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Movie Review: The Revolution Will Not Be Televised

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Lydia Leftcoast Donating Member (1000+ posts) Send PM | Profile | Ignore Sat Apr-24-04 11:21 PM
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Movie Review: The Revolution Will Not Be Televised
This evening (Saturday) I saw the documentary The Revolution Will Not Be Televised here in Minneapolis.

It's the story of the attemp to overthrow Venezuelan president Hugo Chavez in 2002, a series of events captured by an Irish film crew that was in the country making a documentary about the populist president. Several scenes stood out:

> People from the poor parts of town were interviewed and heard to say that they had voted for Chavez because they finally had someone to vote for. Interestingly, the opening scene showed him addressing a crowd on the subject of neo-liberalism, aka globalisation.

> After he was elected, Chavez encouraged people to read the national constitution and to contact him directly. He even had a weekly call-in show on TV and radio. People in poor neighborhoods began forming self-governing councils.

> His opponents looked and acted so much like country club Republicans that I almost laughed, particularly when one of them complained that Chavez supporters were people who "have never had to work and struggle like we have." This was from a woman whose greatest "struggle" was probably trying to fit her feet into tiny Italian shoes. One man was warning his fellow Chavez opponents to be wary about their servants, because they were likely to be members of the self-governing councils.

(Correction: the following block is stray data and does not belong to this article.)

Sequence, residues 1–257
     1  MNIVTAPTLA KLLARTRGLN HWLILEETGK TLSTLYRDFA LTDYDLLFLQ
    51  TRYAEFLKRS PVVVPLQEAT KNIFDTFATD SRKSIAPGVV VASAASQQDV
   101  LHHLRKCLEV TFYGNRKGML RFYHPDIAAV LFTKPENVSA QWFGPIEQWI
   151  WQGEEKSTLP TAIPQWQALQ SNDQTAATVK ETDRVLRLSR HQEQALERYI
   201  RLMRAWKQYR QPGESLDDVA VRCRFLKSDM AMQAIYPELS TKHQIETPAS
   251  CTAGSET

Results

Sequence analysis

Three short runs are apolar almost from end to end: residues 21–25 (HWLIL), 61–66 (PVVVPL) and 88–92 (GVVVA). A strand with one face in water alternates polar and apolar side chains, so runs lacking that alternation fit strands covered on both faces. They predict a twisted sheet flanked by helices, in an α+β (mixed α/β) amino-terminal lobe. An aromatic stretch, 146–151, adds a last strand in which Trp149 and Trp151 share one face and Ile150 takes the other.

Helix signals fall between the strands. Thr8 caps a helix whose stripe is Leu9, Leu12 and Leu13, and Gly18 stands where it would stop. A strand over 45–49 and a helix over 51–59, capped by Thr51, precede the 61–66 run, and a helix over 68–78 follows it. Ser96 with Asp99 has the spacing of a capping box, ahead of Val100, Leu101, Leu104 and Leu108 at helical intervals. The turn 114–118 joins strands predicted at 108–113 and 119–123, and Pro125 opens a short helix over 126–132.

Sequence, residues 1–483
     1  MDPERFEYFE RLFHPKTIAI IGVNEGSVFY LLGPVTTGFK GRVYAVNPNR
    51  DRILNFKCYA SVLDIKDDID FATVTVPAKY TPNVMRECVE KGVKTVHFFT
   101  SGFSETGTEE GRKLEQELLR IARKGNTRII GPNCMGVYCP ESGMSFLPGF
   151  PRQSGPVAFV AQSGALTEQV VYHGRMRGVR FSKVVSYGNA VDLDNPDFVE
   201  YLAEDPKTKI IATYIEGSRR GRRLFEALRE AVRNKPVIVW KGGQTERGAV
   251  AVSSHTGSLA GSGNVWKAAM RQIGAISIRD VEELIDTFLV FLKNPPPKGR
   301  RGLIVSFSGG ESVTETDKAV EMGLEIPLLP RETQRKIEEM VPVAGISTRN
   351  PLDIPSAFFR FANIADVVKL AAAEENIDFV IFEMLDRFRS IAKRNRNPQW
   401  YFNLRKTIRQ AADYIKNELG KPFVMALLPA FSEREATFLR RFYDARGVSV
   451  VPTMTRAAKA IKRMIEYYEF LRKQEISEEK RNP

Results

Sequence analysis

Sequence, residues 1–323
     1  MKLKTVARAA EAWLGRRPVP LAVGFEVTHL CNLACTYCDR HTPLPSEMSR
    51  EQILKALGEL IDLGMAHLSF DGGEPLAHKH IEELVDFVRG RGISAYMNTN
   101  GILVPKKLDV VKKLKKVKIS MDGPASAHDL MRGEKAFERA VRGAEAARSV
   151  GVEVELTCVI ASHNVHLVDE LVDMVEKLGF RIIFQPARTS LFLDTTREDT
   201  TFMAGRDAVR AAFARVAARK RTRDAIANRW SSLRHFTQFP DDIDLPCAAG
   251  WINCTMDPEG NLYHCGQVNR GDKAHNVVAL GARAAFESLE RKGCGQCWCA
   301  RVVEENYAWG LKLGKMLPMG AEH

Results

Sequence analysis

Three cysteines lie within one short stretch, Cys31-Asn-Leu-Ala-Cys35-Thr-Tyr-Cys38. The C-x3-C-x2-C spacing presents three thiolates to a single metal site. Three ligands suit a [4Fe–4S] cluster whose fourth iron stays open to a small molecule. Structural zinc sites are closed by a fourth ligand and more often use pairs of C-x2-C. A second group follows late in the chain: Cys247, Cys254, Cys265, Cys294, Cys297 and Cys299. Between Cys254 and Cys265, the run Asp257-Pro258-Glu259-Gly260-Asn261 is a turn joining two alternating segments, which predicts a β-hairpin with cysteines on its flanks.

> The first act of the new "president" was to dissolve the National Assembly and the Supreme Court and fire all the government ministers. He then went on TV and stated that "democracy was restored."

The story of how Chavez supporters brought him back is quite inspiring, and it was all captured by the Irish film crew, who happened to be in the presidential palace when the coup plotters took over and stayed to record the reversal of the coup.

There's a lot more to the film and plenty to think about, perhaps some lessons for our own country.

Now I'll just sit back and wait for the pro-coup forces to jump all over this thread.

For the rest of you, see this film if you get a chance.
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jpgray Donating Member (1000+ posts) Send PM | Profile | Ignore Sat Apr-24-04 11:24 PM
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1. Cool! It's finally in Minneapolis! What theater was it at?
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Lydia Leftcoast Donating Member (1000+ posts) Send PM | Profile | Ignore Sat Apr-24-04 11:38 PM
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2. The Lagoon
near Lake and Hennepin, in case you don't know where it is.
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jpgray Donating Member (1000+ posts) Send PM | Profile | Ignore Sun Apr-25-04 12:04 AM
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3. Thanks; the Lagoon is a nice enough theater (nt)
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indigo32 Donating Member (1000+ posts) Send PM | Profile | Ignore Sun Apr-25-04 12:55 PM
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4. I just thought I'd kick this up - I went to see this movie last night too
I was a little late in meeting Lydia but anyway....

It was a very interesting film....
beyond the points brought up already, it made a point of showing how the media worked to inflame the situation.
There were a number of privately owned media groups and a single state run channel. They played a huge part in the drama (this should be familiar).


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